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Using the Default Trace

 
 

This article was originally inspired by Tim Chapman's article "Monitor system information with SQL Server 2005's default trace" on TechRepublic.

The default trace is a server side trace by default started at server startup. It is a lightweight trace that records a number of server and database events and has little impact on the server - Linchi Shea has done a nice analysis of the actual impact of this trace; "Performance Impact of Enabling Page Checksum and Default Trace". Even if you have no particular problems with your server it's worth leaving this trace enabled and keeping an eye on the contents to make sure there is nothing unexpected.

To see if the default trace is running (which it should be unless someone has explicitly disabled it) use the following;

sp_configure 'show advanced option', '1' -- reset afterwards if necessary.
reconfigure
go
sp_configure 'default trace enabled'

To disable/enable the default trace use the following;

sp_configure 'show advanced option', '1' -- reset afterwards if necessary.
reconfigure
go
sp_configure 'default trace enabled', 0 -- or 1 to disable.

To get the trace id for the default trace (required by many of the trace related system functions) use the following;

select id from sys.traces where is_default = 1

To get the list of events in the default trace definition use the following;

select distinct
   t.eventid as EventID,
   c.name as EventCategory,
   e.name as EventName
from
   sys.traces st
      cross apply master.dbo.fn_trace_geteventinfo(st.id) t
      left join sys.trace_events e on e.trace_event_id = t.eventid
         left join sys.trace_categories c on c.category_id = e.category_id
where
   is_default = 1
order by
   c.name, e.name

My SQL Server 2005 Developer Edition, SP2, lists 34 events.

To see the filters applied to the default trace use the following;

select
   tc.name as ColumnName,
   case fi.logical_operator
      when 0 then 'And'
      when 1 then 'Or'
      else 'Unknown'
   end as LogicalOperator,
   case fi.comparison_operator
      when 0 then 'Equal'
      when 1 then 'Not equal'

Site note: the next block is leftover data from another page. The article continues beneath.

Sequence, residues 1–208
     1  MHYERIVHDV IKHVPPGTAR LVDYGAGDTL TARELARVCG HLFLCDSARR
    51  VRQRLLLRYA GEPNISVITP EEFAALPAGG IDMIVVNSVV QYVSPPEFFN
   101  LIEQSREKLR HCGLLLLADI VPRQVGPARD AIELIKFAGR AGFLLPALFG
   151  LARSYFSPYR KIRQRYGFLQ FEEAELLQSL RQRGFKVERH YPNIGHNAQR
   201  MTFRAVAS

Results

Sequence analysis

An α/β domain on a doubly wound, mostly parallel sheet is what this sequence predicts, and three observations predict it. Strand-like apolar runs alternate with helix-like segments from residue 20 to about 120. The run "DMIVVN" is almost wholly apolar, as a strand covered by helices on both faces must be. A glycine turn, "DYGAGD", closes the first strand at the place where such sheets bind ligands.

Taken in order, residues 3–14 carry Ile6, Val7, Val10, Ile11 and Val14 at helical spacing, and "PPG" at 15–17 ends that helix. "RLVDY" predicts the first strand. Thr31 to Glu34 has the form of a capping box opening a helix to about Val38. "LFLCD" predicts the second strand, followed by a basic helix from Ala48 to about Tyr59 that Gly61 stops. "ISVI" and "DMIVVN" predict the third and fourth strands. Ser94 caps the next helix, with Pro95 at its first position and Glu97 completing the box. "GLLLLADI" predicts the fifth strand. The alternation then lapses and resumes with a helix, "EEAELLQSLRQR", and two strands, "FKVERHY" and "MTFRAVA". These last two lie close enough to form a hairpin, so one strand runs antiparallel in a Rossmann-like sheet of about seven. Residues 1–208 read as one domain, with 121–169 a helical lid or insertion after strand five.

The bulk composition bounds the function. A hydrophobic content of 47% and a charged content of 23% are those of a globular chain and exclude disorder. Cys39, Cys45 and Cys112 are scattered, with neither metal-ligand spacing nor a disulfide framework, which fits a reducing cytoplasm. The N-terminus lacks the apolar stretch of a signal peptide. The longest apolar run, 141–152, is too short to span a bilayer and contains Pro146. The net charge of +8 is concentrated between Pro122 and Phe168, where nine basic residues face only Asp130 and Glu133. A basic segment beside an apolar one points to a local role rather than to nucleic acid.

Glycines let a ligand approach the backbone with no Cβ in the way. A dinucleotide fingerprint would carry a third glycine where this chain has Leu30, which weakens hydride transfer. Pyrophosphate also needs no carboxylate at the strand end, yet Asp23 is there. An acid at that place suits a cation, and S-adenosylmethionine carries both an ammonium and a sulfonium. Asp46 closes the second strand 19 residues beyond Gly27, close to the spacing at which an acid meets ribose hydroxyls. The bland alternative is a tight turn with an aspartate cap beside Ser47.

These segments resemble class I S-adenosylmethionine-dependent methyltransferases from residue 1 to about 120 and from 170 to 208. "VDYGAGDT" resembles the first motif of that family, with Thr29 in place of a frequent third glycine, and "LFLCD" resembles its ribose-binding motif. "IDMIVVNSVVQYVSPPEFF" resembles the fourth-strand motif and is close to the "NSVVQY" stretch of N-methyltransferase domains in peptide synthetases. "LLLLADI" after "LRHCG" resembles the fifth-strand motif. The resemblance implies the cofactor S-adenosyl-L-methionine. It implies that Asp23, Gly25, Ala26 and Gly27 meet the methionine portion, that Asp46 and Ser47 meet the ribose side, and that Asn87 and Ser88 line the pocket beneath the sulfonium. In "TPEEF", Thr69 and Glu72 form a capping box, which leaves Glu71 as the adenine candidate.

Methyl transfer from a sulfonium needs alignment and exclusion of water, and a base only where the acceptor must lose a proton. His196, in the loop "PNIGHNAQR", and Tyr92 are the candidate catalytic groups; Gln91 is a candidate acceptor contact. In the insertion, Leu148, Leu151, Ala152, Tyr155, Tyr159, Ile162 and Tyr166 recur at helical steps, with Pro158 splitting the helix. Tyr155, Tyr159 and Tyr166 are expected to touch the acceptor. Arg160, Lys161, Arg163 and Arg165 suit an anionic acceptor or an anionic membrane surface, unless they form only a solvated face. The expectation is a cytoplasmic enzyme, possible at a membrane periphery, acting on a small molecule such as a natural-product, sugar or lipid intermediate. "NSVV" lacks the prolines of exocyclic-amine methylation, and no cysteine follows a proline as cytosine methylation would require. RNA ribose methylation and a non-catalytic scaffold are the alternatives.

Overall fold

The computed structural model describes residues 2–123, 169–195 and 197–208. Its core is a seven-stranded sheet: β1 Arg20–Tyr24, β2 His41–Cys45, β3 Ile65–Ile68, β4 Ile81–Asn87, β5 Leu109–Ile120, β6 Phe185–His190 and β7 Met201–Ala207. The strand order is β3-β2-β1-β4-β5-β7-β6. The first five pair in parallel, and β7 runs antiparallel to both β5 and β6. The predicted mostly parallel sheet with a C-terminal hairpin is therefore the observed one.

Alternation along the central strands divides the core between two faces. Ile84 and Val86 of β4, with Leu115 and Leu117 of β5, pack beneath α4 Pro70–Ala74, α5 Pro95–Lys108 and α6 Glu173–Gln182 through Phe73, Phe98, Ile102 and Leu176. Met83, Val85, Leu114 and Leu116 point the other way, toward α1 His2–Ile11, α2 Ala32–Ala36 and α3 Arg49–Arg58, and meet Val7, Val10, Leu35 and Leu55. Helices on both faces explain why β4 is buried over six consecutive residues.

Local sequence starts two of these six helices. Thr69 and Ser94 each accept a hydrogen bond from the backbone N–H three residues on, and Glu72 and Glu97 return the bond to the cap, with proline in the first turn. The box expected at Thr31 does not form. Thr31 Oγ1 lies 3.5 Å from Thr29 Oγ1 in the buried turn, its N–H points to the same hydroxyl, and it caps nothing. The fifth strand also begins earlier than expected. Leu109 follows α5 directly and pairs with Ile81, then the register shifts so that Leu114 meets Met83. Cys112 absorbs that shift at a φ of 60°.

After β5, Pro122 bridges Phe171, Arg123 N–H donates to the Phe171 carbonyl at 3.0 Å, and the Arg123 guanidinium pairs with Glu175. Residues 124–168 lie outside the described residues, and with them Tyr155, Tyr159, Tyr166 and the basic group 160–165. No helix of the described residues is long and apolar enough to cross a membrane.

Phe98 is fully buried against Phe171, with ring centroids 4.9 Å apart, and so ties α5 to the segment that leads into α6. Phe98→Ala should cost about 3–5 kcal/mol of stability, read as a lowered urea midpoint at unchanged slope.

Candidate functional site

when 2 then 'Greater than'
      when 3 then 'Less than'
      when 4 then 'Greater than or equal'
      when 5 then 'Less than or equal'
      when 6 then 'Like'
      when 7 then 'Not like'
      else 'Unknown'
   end as ComparisonOperator,
   fi.value as [Value]
from
   sys.traces t
      cross apply master.dbo.fn_trace_getfilterinfo (t.id) fi
         left join sys.trace_columns tc on tc.trace_column_id = fi.columnid
where
   is_default = 1

My SQL Server 2005 Developer Edition, SP2, shows no filters for the default trace.

To load the default trace from the file into a temporary table use the following;

select
   gt.*
into #Trace
from
   sys.traces t
      cross apply master.dbo.fn_trace_gettable(t.path,default) gt
where
   is_default = 1

BOL states that the fn_trace_gettable function is safe to use on active trace files although on a busy server, if a lot of data is read from multiple files then there will be increased disk contention between the reading and writing to the file.

My SQL Server 2005 Developer Edition, SP2, has 65 columns in the default trace. The following query displays a few of these columns to give you a summary view of the event data produced by the preceding query;

select
   t.EventSequence,
   tc.name as EventCategory,
   te.name as EventClass,
   tsv.subclass_name as EventSubClass,
   t.SPID,
   t.Success,
   t.Error,
   t.TextData,
   t.StartTime,
   t.Duration,
   t.DatabaseName,
   t.ObjectName,
   --t.HostName,
   --t.ApplicationName,
   t.LoginName,
   t.DBUserName
from 
   #Trace t
      left join sys.trace_events te on te.trace_event_id = t.EventClass
      left join sys.trace_subclass_values tsv on tsv.trace_event_id = t.EventClass
                                             and tsv.subclass_value = t.EventSubClass 
         left join sys.trace_categories tc on tc.category_id = te.category_id
order by 
   eventsequence

An excellent reference for tracing and profiling on SQL Server 2005 is chapter two in Kalen Delaney's book 'Inside Microsoft SQL Server 2005: Query Tuning and Optimisation".

Useful BOL links;

 
     
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